Monday, October 27, 2003

Funny, after all these years ...

-- I'm still aware when I'm not going to church. Had intended doing so yesterday, but at the last minute opted for a walk along the Bay Trail, instead. The stretch along the Marina Bay yacht harbor is so lovely. It looks out to Brooks Island in the foreground, the Golden Gate and S.F./Oakland bridges to the south and the Richmond/San Rafael bridge to the north. Angel Island and the San Francisco skyline -- Mt. Tamalpais, so beautiful! Richmond has 32 miles of uninterrupted shoreline, a treasure that many are only now beginning to discover. This was to serve as this morning's "church."

Walking along I found myself wondering when I'd become an atheist, and if so, why am I so aware of Sunday mornings - in that special way? "The Sabbath" is to be honored, even in the "not keeping" of it. It's in my DNA.

Remembered that my earliest memory was of being terrified (two years old, maybe) and clinging to my mother when the great rumbling sound swept the sanctuary -- the scent of incense, the color (stained glass windows?). Can recall at some point of being fearful of looking directly at the man on the cross with blood coming from his hands and feet -- the spikes... .

It was sometime later that little girl Betty became aware that the thunderous sound that filled the sanctuary to the vaulted ceiling was the congregational response to the chants of the priests as they made the Stations of the Cross. That must have been in New Orleans at Corpus Christi,  the church that my grandfather, Louis Charbonnet, designed and built long before.  This was our parish church before coming to California.

Preparation for Holy Communion came when I was seven, but the fear from those early years was still playing in the background, nuns in black habits and the thought of an all-seeing God the Father gave little comfort, but were ever the silent threat of eternal damnation. I can remember as a child going to Confession several times without receiving communion. Didn't feel cleansed enough. Remember, it is possible to "think" venial sins, and I did, especially about my sisters.

Much later in life, right after leaving home as a young bride (at 19), I simply stopped attending mass. Guess I figured that was okay since my parents -- though in their own way devout -- had stopped going to mass except for weddings and funerals many years before. They were practicing birth control and couldn't receive the sacraments. So now I was married and -- for the same reasons -- church was no longer mandatory.

When my mother questioned this, I told her that Mel and I didn't want a family immediately, therefore ... But her answer was, " just go. Some things are simply none of the priest's business!" She simply couldn't own her own rejection of the Catholic faith, nor could she handle mine.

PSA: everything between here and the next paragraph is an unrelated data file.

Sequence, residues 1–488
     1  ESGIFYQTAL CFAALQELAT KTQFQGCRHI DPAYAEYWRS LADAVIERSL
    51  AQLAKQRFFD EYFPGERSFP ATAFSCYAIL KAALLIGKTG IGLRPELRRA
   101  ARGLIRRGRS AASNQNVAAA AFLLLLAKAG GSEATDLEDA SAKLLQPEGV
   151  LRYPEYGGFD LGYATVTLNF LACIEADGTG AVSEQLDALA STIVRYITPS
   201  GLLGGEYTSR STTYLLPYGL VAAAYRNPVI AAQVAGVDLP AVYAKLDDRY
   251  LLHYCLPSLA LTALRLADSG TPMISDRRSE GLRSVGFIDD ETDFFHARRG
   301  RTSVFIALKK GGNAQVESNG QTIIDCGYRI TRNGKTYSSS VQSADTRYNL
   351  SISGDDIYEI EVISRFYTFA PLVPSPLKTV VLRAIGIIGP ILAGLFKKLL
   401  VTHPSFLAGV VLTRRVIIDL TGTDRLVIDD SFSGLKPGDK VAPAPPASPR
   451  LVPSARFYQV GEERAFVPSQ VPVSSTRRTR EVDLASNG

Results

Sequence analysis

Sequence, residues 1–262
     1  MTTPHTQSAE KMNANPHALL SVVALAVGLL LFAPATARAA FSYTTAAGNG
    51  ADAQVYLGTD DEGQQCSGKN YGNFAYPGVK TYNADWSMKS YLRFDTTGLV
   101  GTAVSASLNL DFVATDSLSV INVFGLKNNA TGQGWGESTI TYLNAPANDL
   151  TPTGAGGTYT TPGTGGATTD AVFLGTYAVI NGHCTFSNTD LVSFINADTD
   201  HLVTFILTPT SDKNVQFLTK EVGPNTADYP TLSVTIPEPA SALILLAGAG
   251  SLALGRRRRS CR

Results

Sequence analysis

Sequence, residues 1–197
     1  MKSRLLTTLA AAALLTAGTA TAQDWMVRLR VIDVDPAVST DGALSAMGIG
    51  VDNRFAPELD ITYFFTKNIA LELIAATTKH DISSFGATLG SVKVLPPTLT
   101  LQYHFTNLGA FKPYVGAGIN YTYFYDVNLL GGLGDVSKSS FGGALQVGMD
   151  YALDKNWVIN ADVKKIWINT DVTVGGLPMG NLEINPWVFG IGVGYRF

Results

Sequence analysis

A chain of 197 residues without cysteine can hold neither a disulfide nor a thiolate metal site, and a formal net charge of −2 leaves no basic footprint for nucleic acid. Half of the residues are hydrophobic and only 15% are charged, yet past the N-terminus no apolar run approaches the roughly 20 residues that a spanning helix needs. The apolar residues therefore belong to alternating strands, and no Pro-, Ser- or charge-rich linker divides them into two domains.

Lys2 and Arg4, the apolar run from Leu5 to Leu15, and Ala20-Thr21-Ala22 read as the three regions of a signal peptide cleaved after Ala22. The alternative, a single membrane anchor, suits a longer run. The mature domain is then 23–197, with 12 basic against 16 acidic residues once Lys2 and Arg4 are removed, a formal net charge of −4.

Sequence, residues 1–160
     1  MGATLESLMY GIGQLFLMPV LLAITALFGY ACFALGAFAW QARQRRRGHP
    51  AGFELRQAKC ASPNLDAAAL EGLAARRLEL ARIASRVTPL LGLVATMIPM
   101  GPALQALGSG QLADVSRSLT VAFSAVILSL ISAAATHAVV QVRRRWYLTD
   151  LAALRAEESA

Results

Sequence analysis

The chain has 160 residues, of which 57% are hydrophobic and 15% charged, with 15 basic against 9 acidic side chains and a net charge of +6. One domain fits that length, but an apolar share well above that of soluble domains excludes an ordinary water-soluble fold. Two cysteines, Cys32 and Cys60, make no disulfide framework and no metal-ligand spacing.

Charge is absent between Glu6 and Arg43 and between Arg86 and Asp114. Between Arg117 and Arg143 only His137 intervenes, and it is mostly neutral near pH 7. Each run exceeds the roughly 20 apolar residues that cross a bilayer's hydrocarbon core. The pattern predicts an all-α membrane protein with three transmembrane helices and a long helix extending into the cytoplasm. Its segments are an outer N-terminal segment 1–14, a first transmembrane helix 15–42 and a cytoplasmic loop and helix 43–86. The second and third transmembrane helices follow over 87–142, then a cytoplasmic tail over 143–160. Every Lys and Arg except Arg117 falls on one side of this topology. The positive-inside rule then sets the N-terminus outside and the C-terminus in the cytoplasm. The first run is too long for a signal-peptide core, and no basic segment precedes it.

This morning on my walk, I thought about all that. Wondered if I had ever intellectually outgrown my faith, or if it didn't really go way back to that terrified 2 year-old and the timid 7 year-old who had simply "failed" at organized religion? The rest, the readings of the Jesuits, de Chardin, the Transcendentalists, conversations with the more rebellious activist priests of my middle years -- the Berrigans, of the exposure to Unitarian-Universalist "saints," Thoreau, Emerson, et al, may have allowed me to give words to those very early fears -- present in me long before I had the language to express it? I think, at times, that -- had I truly believed -- I would surely have ended up a Carmelite nun. My inner romantic might have drawn me to the contemplative life. Instead, my very rational mind led elsewhere, and for that I'm grateful.

I am an Atheist, but one still aware of something deep inside myself that defies logic and reaches far beyond the known. Orthodox religion in all of its forms seems to me to have become -- over the centuries -- the way humankind has explained that phenomenon of spirituality. I have no expectation of understanding it fully during my lifetime. But something in me (in everyone, I suppose) is ageless, timeless, genderless, and limitless, and whatever that essence of Betty may be, it came into the world with me, will leave behind bits of that stardust in my progeny, but upon my death I will again become one with all of matter. There will only be one of me, ever. The gift of my tenure upon the earth is a random accident of Nature. To deserve the privilege of life is enough reason for being.

I drove home feeling renewed.

And now it's the beginning of a new week, and I'm late for work.


Photo:  Put Corpus Chrisi Church into my search engine and this image came up -- at the same address on St. Bernard in New Orleans -- but by now the original church of my grandfather's may have long since been torn down and another built to replace it.  Just don't know ... it's been such a long time.   I know that the school that adjoins it is still standing